“Yes!” I try to yell it with feeling, but I remain unconvinced. I think, “I am so glad I’m not in the hospital, because I would ask for an epidural, and I don’t want one.”

“Charity, you might want to try to go to the bathroom,” my midwife suggests.

“I already peed in the tub,” I admit weakly.

“Good girl.” I don’t exactly hear laughter, but I hear that amusement again. I like the amusement. It helps me feel like everything is normal. Everything is fine.

Another contraction. At the top of this one I start repeating, “Oh, my God. Oh, my God. Oh, my God.” As the contraction recedes, that changes to, “Oh, my crap.”

Another contraction.

“I just want a nap,” I’m pleading to no one in particular. “Just a little nap,” I bargain, “and then I’ll go right back to it. Just a little rest.”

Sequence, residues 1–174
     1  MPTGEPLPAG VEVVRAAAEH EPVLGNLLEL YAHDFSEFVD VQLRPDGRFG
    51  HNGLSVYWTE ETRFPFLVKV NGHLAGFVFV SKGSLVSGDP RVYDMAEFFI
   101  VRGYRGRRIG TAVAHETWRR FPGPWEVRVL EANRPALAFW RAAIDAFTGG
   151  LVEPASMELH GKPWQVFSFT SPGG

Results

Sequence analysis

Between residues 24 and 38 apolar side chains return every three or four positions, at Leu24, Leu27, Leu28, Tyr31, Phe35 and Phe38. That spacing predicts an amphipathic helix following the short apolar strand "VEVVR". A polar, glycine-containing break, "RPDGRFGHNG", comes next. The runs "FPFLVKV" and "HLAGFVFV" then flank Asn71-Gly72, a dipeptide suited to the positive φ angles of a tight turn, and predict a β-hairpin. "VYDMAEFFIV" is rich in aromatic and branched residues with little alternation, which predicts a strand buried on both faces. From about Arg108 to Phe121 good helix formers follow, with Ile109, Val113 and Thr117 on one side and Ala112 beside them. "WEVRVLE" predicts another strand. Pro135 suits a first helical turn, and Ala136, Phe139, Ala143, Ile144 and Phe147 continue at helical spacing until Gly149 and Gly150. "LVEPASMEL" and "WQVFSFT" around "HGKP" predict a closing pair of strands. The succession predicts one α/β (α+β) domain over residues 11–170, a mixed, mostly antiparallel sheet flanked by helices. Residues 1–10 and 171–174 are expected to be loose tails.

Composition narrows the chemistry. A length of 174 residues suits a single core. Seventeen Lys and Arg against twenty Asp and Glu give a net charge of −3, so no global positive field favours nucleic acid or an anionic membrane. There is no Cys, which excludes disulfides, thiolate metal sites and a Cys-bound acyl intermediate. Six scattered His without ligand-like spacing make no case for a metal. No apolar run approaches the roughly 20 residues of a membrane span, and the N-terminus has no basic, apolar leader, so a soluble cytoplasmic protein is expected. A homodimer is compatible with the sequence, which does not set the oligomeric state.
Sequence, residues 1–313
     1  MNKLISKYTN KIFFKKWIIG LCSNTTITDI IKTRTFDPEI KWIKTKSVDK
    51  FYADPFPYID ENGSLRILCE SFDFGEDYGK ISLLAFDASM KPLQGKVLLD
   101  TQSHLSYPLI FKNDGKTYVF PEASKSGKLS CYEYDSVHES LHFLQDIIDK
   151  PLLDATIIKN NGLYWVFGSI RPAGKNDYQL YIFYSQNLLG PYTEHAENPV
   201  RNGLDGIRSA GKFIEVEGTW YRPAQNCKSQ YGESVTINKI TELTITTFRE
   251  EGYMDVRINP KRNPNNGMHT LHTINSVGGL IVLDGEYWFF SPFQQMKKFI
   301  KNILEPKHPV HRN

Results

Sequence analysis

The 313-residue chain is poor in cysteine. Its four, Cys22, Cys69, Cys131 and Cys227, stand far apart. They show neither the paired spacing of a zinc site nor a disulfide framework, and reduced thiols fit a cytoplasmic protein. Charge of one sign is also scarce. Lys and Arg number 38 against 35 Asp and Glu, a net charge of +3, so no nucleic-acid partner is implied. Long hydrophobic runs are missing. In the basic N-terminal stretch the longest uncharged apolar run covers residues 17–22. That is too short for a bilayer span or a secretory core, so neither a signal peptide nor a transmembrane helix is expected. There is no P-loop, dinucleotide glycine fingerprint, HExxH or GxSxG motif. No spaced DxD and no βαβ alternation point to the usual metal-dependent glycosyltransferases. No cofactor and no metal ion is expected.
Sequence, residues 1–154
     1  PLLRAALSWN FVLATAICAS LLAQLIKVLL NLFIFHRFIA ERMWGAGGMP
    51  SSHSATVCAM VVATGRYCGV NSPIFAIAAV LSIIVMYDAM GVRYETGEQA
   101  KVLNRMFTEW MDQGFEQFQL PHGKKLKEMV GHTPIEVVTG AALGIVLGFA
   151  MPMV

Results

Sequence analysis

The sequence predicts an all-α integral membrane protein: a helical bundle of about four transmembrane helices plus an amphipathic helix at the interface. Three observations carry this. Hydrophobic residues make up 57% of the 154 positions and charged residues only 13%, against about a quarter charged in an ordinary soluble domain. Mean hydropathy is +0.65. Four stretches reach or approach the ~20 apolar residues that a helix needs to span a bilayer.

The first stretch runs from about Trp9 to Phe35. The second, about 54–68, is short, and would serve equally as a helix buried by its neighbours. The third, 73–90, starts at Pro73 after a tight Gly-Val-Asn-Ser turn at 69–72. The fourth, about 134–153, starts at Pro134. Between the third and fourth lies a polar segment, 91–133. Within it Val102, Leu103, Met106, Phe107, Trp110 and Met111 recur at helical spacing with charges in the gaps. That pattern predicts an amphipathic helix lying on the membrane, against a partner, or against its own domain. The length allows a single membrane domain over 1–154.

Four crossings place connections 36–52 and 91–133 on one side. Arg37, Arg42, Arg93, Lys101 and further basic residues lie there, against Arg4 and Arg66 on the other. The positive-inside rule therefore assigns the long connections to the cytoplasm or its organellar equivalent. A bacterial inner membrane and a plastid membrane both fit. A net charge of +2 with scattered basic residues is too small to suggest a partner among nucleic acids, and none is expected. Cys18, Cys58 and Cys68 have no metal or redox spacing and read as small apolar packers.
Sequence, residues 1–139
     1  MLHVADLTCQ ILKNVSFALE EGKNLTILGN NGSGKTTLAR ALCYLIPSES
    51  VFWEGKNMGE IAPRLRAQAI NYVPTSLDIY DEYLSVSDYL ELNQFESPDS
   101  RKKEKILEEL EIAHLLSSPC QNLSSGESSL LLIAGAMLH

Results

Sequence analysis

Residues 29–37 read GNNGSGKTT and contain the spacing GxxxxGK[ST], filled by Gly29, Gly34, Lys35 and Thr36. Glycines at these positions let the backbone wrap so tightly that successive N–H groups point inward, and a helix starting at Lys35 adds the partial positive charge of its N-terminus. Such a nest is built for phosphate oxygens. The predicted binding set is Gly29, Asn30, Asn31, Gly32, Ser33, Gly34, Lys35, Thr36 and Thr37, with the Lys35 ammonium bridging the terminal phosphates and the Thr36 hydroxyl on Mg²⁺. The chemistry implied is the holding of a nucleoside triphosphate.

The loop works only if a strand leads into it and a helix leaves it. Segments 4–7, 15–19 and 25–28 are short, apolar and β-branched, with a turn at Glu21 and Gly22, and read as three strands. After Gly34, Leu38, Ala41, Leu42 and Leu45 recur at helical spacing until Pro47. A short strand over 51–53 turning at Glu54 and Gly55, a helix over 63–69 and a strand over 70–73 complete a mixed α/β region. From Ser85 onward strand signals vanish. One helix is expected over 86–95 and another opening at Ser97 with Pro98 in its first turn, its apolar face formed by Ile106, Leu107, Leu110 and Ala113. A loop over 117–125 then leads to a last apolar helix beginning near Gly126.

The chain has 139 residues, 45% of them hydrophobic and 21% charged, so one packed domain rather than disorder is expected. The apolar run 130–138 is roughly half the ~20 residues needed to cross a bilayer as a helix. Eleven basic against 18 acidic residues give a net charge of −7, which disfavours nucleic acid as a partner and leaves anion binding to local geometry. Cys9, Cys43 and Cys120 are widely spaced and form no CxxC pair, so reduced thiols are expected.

Another contraction comes and goes.

“The pinchy feeling is still there,” I say in the brief calm between contractions.

“How about let’s try reclining,” my midwife suggests. “Maybe I could check you and see what’s going on?”

“OK,” I agree. Somehow I turn over. My midwife checks me.

“The head is very low,” she says. “You’re complete, but you have just a little anterior lip. That’s the pinchy feeling. On the next contraction, I can try to push it over the baby’s head.”


“If it hurts a lot, tell me and I’ll stop.” The next contraction builds, and I don’t feel anything more intense than usual.

“It’s not budging,” my midwife says. “You’ll need to push through it.”

I feel a sense of unfairness. When pushing starts, the other contraction sensations are supposed to recede. This is supposed to be my break, my triumphant time of great energy and joy. Damn that pinchy feeling.